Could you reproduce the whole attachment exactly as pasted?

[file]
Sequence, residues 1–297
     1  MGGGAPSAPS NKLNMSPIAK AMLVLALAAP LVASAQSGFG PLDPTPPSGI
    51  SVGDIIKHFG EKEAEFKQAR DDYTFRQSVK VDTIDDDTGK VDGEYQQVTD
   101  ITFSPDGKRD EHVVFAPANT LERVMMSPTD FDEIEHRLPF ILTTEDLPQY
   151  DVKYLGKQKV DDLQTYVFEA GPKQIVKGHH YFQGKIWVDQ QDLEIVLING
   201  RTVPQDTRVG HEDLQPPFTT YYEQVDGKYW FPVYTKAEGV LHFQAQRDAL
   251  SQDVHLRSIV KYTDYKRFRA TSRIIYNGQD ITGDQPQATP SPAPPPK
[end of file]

Sequence, residues 1–297
     1  MGGGAPSAPS NKLNMSPIAK AMLVLALAAP LVASAQSGFG PLDPTPPSGI
    51  SVGDIIKHFG EKEAEFKQAR DDYTFRQSVK VDTIDDDTGK VDGEYQQVTD
   101  ITFSPDGKRD EHVVFAPANT LERVMMSPTD FDEIEHRLPF ILTTEDLPQY
   151  DVKYLGKQKV DDLQTYVFEA GPKQIVKGHH YFQGKIWVDQ QDLEIVLING
   201  RTVPQDTRVG HEDLQPPFTT YYEQVDGKYW FPVYTKAEGV LHFQAQRDAL
   251  SQDVHLRSIV KYTDYKRFRA TSRIIYNGQD ITGDQPQATP SPAPPPK